REPORT OF THE TRANSFER ARTICULATION TASK FORCE

SUMMARY


The Transfer Articulation Task Force, made up of both community college and university representatives, was established by the State Board of Directors for Community Colleges and the Arizona Board of Regents in response to a mandate of the 1996 Legislature. While building upon existing articulation programs, this task force has introduced significant structural changes designed to improve the range and effectiveness of the transfer system in Arizona. The report of the task force contains the following key proposals.

New Transfer Model

The task force proposes a new model for transfer that includes new transfer limits, new transfer degrees, new general education requirements, new common program requirements for equivalent majors, and the concept of transfer blocks, resulting in new pathways for transfer. The task force is mindful that some of its proposals will require changes in the policies of the community colleges and universities. Where this is the case, the policy changes should be made as soon as feasible.

New Transfer Limits. The task force proposes that the universities adopt one-half of the degree requirements plus one course as the limit of the number of credits that can be accepted by transfer from a community college for application to a baccalaureate degree.

New Transfer Degrees. The task force proposes that community colleges develop three basic transfer degrees: the Associate in Arts (AA), the Associate in Business (ABus), and the Associate in Science (AS). The AA degree would prepare students to transfer into a broad array of liberal arts majors, the ABus degree would prepare students to transfer into business and business-related majors, and the AS degree would prepare students to transfer into majors with more stringent mathematics and mathematics-based science requirements.

New General Education Curriculum. The task force proposes reducing the present 41-credit Transfer General Education Core Curriculum (TGECC) to 35 credits for the Associate of Arts and to 24 credits (with mathematics and science requirements shifted from general education to program requirements) for the Associate of Science. The task force also proposes that the universities will accept as a block the two Arizona General Education Curricula (AGEC), and will apply them to the graduation requirements of the relevant majors. Students will no longer have to be concerned about courses included in the AGEC also having to satisfy other program requirements.

New Common Major Requirements for Equivalent Majors. Some, but by no means all, university majors require that students begin to specialize in the lower division. In these cases, the task force proposes that at least 6 credits of requirements common to similar majors at the several universities be identified. For students who complete the common major requirements, these credits will transfer as a block and apply to the graduation requirements for that major, so that students can select a major without initially having to decide upon a university.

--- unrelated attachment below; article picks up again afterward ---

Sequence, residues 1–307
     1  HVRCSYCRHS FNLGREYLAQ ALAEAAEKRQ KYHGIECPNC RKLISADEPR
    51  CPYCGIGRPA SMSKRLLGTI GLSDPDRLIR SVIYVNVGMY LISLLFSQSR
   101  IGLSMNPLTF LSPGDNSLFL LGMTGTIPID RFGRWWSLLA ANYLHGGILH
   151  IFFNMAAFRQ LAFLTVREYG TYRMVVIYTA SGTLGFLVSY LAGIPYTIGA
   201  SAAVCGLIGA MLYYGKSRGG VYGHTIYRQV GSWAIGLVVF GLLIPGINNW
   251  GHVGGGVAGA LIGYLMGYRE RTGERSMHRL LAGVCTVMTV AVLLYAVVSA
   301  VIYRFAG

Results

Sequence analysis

Transfer Blocks for General Education, Major Requirements, and Associate Degrees. The task force proposes that the AGEC, the common major requirements, and the new associate degrees transfer as blocks. Completed blocks are treated as a whole; the components are no longer examined separately to determine transferability or applicability. All credits for which students receive a grade of "C" or better are accepted and applied toward the university degree, whether the credit was awarded for course completion, assessment of prior learning, or via some other nontraditional learning mode. The task force also proposes that APASC be charged to determine the conditions under which community college courses will be accepted as electives within the structure of the new transfer degrees.

New Pathways for Transfer. The task force proposes that university baccalaureate majors be placed into one of six categories based on the manner in which they articulate with community college programs. Students who are accepted into an articulated university major will transfer with "Junior status," and all credits taken in fulfillment of the requirements for the transfer degree will apply to the graduation requirements of that major. For university programs to which admission is competitive, applications from transfer students will be evaluated on the same basis as those from native students.

The first set of categories includes majors which articulate with the Associate in Arts - General Requirements (AA-GR), the Associate in Business (ABus), and the Associate in Science - General Requirements (AS-GR). Students can complete the AA, ABus, or AS degrees, respectively, without having to take specialized courses or to decide upon a major or university, and then they may transfer into majors in these categories.